Kameron had several close relationships throughout his young adulthood. Each friendship or partner led to a new breadcrumb about sexuality, gender, expression. It was through other people that Kameron was inspired to mold his own identity.
In my senior year of high school, I had a crush on this girl – my first real crush. l’ll call her Rory. But Rory had a girlfriend.
That didn’t stop us from hanging out all the time, which I was more than happy to do. She was the antithesis of the people I was used to being around, mostly family and family friends. She seemed so in-touch with her emotions, so spontaneous and poetic. Not to mention sexually experienced. When we first started hanging out, I always made a point to invite her and her girlfriend, but repeatedly, her girlfriend ended up not coming.
There’s this run down complex of small businesses and offices and indoor courtyards. It’s called the Town Fence. At the time, there was a grungy coffee shop there called Christian’s Cafe – they’d have open mics and art openings and stuff like that. Through the Gay Youth Group I attended, I heard about a play that was showing there called”Dos Lesbos.” So I invited Rory and her girlfriend. It ended up being just me and Rory. In my journal, I wrote, “she’s sort of becoming my pseudo-girlfriend.” After the play (which wasn’t that good), we went to a gay store, also in the Town Fence. Rory was looking at a calendar filled with images of women together, and she said, “See, this looks natural to me. A guy just wouldn’t look right. What do you think?” All I could say was, “Um, I’m not sure.” I added, in my journal, later, “When am I going to know the answer to that? I’m still confused about what feels right and who I’m attracted to.”
Eight months later, Rory was single, and we were on winter break, back home from our separate colleges. The sexual tension had been building for so long. Finally, we kissed. It was my first kiss. We made out for a long time; somewhere in the middle of it, she informed me, “Well, Katie, you are definitely gay.” I laughed. Was she right?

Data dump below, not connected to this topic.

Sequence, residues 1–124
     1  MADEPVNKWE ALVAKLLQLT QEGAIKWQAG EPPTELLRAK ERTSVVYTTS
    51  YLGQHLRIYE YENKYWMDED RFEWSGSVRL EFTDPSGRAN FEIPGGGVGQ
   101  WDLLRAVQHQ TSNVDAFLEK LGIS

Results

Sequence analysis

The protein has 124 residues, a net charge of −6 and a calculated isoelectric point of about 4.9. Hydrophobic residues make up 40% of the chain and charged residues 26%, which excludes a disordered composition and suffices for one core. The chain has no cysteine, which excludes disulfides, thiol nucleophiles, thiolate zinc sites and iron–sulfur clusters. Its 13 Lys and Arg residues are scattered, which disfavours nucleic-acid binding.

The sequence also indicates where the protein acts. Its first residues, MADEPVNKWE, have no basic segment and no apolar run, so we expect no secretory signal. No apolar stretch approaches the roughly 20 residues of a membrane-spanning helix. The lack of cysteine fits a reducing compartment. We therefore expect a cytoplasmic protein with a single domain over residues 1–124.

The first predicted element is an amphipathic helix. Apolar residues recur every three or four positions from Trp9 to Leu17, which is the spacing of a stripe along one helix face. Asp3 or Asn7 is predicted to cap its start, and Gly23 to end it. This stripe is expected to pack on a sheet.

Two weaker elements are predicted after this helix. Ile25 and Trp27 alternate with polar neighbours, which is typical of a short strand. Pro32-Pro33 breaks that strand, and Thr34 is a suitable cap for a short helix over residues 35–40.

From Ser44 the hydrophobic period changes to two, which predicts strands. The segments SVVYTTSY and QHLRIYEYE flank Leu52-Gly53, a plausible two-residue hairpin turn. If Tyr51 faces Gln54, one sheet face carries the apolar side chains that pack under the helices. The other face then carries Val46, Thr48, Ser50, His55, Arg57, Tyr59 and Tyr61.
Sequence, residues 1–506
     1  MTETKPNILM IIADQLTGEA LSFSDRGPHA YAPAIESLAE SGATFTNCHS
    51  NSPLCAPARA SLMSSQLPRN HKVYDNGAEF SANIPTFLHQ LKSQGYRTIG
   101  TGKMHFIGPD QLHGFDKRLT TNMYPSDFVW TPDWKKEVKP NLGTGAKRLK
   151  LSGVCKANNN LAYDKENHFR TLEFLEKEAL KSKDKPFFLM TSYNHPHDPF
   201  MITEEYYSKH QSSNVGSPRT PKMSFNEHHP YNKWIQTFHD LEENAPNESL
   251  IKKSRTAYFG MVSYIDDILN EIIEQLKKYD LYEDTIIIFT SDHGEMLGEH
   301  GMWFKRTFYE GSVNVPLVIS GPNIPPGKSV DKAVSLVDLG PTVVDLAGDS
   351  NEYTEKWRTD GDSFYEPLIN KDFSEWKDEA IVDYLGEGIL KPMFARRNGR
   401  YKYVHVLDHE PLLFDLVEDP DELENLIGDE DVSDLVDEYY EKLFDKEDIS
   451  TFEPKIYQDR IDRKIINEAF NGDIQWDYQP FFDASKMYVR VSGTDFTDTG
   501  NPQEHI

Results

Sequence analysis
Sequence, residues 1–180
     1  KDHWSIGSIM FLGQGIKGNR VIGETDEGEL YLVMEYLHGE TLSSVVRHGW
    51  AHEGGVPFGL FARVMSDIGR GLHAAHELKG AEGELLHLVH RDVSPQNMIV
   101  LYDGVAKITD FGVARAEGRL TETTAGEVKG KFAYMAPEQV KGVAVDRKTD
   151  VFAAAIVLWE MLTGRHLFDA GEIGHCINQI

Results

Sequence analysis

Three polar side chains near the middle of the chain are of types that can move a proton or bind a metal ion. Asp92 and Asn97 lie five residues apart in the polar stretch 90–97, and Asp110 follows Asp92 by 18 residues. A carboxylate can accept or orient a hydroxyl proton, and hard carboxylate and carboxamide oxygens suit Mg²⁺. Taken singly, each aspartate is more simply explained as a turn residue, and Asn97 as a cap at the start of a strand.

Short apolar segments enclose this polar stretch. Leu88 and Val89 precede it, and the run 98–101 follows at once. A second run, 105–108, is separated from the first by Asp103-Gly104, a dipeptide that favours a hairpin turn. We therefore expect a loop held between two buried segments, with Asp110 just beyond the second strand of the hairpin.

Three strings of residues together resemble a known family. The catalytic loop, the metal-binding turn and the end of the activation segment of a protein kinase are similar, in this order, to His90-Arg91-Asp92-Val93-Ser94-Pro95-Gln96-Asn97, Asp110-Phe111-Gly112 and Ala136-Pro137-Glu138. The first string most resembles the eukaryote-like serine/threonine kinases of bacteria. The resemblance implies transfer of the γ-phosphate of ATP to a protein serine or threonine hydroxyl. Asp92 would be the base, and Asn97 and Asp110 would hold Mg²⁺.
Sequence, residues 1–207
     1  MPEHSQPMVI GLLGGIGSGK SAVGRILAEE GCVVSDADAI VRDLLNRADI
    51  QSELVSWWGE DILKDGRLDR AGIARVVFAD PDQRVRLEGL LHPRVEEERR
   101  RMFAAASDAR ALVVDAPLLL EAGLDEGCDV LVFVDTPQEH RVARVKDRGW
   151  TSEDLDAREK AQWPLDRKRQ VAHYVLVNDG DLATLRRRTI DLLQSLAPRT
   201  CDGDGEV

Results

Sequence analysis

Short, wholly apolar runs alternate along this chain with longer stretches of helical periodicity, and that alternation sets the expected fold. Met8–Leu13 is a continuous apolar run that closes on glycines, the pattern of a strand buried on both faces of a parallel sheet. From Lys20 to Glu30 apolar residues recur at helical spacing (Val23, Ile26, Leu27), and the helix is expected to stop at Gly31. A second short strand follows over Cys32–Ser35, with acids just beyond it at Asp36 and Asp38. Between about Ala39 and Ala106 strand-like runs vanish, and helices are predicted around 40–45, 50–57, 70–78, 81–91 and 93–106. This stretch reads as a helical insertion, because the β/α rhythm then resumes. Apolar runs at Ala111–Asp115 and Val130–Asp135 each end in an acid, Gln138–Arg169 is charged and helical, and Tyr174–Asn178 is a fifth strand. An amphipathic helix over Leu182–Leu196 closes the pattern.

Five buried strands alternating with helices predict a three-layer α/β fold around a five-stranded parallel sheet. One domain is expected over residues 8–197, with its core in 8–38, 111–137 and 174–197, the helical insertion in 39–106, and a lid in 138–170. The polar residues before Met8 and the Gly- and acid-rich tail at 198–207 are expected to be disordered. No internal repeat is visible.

At age 18, I found inspiration by absorbing myself in lesbian culture, because that seemed like the closest thing to me, at the time.
I was at my sort-of college girlfriend’s house (I’ll call her Charged GBH, after a punk band), a place she shared with one anarchist boy who was hardly ever there, and one weirdo who was always there (I’ll call him Shark). It was dinnertime, and I was awkwardly milling around the kitchen, feeling both like I was entitled to some of this food, and not sure whether I was allowed to be there at all.
Shark was the main cook usually, and my girlfriend provided the entertainment by keeping the music going. I sat down at the table and started reading The Onion, trying to will myself to feel comfortable in this space. The Butchies’ song, “Sex (I’m a Lesbian)” came up next in the mix tape on the boombox, and Charged GBH started thrashing. I hadn’t heard this song before, but it sounded like hard rock. So, channeling the dance moves I’d seen at punk shows, I sprung up and started floor punching. It felt good to get that energy out! Shark stepped away from the stove and cooed, “Awwww, look at this baby dyke right here.” GBH laughed. I kept moving, absorbing what it felt like to be called “baby dyke” by someone I supposedly thought was kind of cool. It felt endearing. I was not butch at all. But “baby dyke?” That could fit.
At age 19, I found inspiration in the punk, queercore, and feminist music, plus the rad politics that GBH and Shark were completely obsessed with.
I was still kind of with GBH, but I also started hanging out with someone totally different. She lived on Hudson. She seemed to sincerely like me, and our dynamics were stripped of any passive aggressive dancing I was used to engaging in to get what I wanted. I was leery of her intentions, and of my intentions. She asked me more questions about myself than I was prepared to think about. She had a copy of the book Stone Butch Blues by Leslie Feinberg and told me that I’d really like it. I blew right through it. It felt like Hudson regarded me as a stone butch, but she also introduced me to the idea of transitioning. She said she had a friend who transitioned, and she told me stories about other people she knew in the trans community, such as a guy named Brandon – he had named himself after Brandon Teena. He was dating a person named Glow, who regularly stepped on his chest, hard, with a huge combat boot, while they had sex. I was confused by this. She wanted to know all about what I liked, during sex, and I really didn’t have anything to tell her.